A new Social Science Research study examines racial differences in how teachers perceive students’ overall literacy skills. It asks whether there are differences in these perceptions and to what extent they might be a reflection of a difference in actual abilities. In other words: Are teacher perceptions accurate?
The study uses data from the Early Childhood Longitudinal Study, specifically those students enrolled in first grade during spring 2000 who had literacy test scores from kindergarten and first grade (ECLS-K administers a literacy test). Teachers were also asked to evaluate students’ overall ability relative to other first-grade students on a scale that ranges from “far below average” to “far above average.” The analyst controls for a host of student, teacher, and classroom variables in the regression analysis, including parental income and education, teacher race, percentage of poor students in the school, and more.
The study finds that, per the average performers, teachers were mostly accurate in labeling them so; there are no statistically significant racial differences in teacher ratings here. But among lower performers, teachers tend to rate minorities (Asian, non-white Latino, and black students) more positively than their performance suggests, while low-performing white students were rated more negatively than their performance would warrant. More specifically, minorities are 4–6 percent less likely than their similarly performing white peers to be rated “far below average.” Among the higher performers, the reverse is true—meaning whites are rated more positively and minorities more negatively. Specifically, high-performing minority students are between seven and nine percentage points less likely to be rated far above average.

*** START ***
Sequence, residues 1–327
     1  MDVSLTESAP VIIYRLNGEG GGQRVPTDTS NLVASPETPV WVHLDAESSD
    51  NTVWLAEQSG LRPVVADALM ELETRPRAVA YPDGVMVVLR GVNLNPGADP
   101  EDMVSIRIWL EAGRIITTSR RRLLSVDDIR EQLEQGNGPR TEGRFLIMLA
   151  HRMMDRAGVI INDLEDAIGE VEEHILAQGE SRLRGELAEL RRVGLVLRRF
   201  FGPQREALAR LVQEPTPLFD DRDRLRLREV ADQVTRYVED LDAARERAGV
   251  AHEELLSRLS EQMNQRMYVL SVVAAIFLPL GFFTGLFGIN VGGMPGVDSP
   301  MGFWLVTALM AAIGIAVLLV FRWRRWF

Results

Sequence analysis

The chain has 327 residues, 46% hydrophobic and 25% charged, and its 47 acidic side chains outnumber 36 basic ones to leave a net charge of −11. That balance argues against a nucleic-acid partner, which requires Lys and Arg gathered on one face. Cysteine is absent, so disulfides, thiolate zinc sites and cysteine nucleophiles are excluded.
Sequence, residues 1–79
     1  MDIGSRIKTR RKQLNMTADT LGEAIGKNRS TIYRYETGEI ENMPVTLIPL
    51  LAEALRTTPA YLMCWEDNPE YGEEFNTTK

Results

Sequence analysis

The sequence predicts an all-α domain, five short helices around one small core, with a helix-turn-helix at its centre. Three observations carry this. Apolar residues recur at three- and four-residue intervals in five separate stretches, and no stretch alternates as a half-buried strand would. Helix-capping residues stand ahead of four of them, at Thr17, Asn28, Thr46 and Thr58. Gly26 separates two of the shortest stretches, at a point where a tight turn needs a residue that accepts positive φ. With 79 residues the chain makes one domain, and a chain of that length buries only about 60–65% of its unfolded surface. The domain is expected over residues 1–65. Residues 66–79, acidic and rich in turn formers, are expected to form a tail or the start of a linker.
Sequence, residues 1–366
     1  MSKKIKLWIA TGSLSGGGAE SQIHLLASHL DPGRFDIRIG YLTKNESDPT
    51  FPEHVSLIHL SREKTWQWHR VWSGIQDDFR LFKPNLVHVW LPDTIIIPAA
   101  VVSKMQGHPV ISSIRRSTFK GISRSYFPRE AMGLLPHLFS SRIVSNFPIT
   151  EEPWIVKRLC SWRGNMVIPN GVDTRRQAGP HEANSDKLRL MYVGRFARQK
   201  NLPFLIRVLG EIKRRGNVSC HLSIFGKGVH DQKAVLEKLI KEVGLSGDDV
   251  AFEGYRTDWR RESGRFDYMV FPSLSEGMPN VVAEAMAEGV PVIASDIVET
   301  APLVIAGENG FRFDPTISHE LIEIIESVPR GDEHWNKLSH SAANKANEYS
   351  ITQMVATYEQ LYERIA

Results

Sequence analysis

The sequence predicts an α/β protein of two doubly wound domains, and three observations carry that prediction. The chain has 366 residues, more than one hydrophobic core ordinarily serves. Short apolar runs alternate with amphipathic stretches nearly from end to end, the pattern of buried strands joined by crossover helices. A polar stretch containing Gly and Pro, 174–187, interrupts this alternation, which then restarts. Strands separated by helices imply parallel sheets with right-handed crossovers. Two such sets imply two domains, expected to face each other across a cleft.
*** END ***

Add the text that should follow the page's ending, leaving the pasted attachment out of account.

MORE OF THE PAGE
The author—also a sociologist—posits that increased awareness of equity issues may compel teachers to use “restraint” in using labels such as “far below average” when referring to low-achieving minority students. (Or, she says, teachers could be harder on white students who are low-performing if they tend to have higher expectations of white students in general.)
The race-based discrepancies on the high end are quite concerning at a time when all high-achievers, including minorities, tend to get overlooked as teachers focus on their struggling students. But there are implications to this mindset, one of which the author closes with: “If the cognitive abilities of high achieving minority students hold less value in teachers’ overall perceptions, they may also hold less value during decisions concerning academic placements, access to enrichment opportunities, and the distribution of resources and support.” Needless to say, that’s a very big problem.
SOURCE: Yasmiyn Irizarry, “Selling students short: Racial differences in teachers’ evaluations of high, average, and low performing students,” Social Science Research, Vol. 52 (July 2015).